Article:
Hindu Gymkhana, Karachi
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The Hindu Gymkhana (Sindhi:هندو جمخانه, Urdu: ہندو جِمخانہ) was the first public building in Karachi to boldly adopt the Mughal-Revival style. The building established in 1925, It is located at Sarwar Shaheed Road in Karachi, Sindh, Pakistan.
The Hindu Gymkhana was a club for the Hindu upper classes, who formed a strong commercial elite in Karachi in the years before Independence in 1947. The Hindu community and Seth Ramgopal Gourdhanandh Mohatta contributed money for its construction.
The building is designed by Muslim architect Agha Ahmed Hussain. The plan and massing was based on the tomb of Itamad-ud-Daulah (1628) in Agra. The building is small in size and consists primarily of a hall and some smaller rooms used for administrative purposes. Stone for the 2-foot-thick (0.61 m) walls was acquired in Bijapur. The roof line is defined by delicate massing of cupolas and balustrades directly influenced by Akbar's Fatehpur Sikri. The octagonal corner towers framing the projecting central jharoka are capped with chattris. Smaller chattris highlight the corners of the projecting porch that carry the drooping bangladar roof used in Emperor Akbar's period. The projecting chajjas are supported by ornamental brackets. The cupolas of the chattris are reinforced concrete and the walls are dressed in Gizri stone. Some of the carved elements are of Jodhpur stone.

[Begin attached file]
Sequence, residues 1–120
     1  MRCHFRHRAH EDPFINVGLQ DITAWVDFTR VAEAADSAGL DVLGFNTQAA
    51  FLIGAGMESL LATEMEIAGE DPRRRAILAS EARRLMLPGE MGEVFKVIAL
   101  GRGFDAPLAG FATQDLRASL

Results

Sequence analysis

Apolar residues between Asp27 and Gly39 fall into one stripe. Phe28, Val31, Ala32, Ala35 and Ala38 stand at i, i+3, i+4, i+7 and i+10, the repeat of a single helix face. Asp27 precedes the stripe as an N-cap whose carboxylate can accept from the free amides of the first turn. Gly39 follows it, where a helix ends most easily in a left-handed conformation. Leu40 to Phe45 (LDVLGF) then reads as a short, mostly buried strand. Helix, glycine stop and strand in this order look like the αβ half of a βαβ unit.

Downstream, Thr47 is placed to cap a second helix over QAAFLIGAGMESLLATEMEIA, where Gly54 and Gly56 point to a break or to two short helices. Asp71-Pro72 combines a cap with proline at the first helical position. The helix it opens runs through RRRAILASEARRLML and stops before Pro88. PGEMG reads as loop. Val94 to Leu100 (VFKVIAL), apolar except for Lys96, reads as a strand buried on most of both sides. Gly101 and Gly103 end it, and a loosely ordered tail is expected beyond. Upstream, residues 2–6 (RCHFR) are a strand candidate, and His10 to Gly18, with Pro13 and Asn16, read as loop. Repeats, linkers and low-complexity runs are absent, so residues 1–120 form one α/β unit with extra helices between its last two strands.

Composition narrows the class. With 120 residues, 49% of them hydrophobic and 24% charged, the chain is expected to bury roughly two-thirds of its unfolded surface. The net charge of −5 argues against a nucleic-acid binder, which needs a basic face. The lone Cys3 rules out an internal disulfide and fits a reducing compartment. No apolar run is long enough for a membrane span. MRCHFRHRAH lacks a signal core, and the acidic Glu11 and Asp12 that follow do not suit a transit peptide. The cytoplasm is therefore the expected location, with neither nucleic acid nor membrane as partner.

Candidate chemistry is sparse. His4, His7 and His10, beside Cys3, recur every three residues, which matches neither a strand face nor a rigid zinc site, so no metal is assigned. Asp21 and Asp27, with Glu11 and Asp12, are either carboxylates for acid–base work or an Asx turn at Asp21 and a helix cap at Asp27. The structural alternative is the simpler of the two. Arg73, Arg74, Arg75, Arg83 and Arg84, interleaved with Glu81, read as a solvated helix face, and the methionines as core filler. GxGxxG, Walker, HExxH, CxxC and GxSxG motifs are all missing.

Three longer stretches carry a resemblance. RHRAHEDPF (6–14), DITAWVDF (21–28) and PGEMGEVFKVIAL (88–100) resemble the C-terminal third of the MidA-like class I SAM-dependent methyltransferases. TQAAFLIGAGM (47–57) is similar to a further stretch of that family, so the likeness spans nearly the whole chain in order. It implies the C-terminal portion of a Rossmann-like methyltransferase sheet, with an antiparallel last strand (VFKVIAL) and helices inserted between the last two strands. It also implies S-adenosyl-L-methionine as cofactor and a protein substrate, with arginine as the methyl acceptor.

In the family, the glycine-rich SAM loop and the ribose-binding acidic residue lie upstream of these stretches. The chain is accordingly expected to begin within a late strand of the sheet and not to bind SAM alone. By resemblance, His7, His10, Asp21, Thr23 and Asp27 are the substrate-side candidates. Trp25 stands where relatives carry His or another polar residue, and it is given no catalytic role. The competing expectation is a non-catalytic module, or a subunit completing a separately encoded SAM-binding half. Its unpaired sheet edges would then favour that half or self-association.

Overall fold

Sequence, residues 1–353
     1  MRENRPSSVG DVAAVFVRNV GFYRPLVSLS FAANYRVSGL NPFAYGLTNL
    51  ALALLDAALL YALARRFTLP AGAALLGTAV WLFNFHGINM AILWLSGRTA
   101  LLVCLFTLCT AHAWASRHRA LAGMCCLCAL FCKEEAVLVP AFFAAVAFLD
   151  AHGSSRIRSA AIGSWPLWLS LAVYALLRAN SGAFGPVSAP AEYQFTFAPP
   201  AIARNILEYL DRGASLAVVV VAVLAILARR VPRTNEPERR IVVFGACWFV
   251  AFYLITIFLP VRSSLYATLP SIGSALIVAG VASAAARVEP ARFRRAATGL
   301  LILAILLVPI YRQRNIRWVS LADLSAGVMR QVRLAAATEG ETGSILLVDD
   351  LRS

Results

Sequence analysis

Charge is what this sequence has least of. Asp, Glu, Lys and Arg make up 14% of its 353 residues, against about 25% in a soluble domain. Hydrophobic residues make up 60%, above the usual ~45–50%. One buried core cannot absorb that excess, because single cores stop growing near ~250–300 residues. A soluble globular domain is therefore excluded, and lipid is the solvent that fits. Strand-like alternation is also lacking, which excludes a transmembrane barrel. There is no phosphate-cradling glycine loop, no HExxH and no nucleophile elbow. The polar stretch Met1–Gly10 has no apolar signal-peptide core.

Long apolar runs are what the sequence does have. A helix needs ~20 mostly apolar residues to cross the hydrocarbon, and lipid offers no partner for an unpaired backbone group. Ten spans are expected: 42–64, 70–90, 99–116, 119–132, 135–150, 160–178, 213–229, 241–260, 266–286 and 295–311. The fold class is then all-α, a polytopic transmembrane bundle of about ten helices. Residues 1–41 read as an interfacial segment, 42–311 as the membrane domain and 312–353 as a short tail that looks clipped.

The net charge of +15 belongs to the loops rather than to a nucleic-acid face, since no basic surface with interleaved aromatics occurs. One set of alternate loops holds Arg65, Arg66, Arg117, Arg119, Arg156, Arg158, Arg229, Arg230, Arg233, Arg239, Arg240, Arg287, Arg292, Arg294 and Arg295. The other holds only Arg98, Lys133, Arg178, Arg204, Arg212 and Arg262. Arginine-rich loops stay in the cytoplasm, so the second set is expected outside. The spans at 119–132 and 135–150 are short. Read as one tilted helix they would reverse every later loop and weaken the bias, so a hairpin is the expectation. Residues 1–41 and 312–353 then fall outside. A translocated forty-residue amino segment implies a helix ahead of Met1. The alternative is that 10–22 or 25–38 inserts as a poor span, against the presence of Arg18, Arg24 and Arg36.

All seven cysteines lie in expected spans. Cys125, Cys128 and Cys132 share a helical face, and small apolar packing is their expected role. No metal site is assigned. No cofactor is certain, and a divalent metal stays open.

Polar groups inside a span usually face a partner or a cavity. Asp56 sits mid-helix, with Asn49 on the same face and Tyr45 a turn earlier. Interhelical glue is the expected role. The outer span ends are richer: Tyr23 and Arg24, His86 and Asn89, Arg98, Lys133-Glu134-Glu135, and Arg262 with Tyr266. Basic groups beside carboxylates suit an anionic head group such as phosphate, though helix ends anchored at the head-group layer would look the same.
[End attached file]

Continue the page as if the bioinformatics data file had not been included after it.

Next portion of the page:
The building's condition has deteriorated over the years, and it was going to be demolished in 1984. This was prevented by an intervention by the Heritage Foundation of Pakistan. Hindu Gymkhana now houses the National Academy of Performing Arts.
- Nuha Ansari. 1997. Karachi: Edge of Empire. Karachi: Ferozsons (Pvt) Ltd.,71.
- Yasmeen Lari and Mihail S. Lari. 1996. The Dual City: Karachi During the Raj. Karachi: Oxford University Press, 328-9.
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